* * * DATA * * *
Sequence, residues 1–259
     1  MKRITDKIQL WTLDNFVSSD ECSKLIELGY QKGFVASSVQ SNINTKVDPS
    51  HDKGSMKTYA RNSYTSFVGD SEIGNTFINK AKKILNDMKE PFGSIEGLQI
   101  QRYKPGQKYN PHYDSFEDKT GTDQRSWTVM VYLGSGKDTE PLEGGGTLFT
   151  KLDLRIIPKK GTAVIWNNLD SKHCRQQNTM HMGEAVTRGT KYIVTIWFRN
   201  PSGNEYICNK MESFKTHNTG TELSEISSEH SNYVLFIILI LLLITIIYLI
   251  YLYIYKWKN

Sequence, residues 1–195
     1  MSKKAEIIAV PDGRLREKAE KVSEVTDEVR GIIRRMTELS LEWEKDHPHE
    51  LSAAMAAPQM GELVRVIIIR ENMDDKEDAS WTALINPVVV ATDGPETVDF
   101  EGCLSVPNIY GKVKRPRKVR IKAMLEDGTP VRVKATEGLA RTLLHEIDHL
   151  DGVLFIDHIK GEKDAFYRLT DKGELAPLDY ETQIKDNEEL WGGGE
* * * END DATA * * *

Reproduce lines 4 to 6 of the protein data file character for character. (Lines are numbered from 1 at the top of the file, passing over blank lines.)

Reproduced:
   101  QRYKPGQKYN PHYDSFEDKT GTDQRSWTVM VYLGSGKDTE PLEGGGTLFT
   151  KLDLRIIPKK GTAVIWNNLD SKHCRQQNTM HMGEAVTRGT KYIVTIWFRN
   201  PSGNEYICNK MESFKTHNTG TELSEISSEH SNYVLFIILI LLLITIIYLI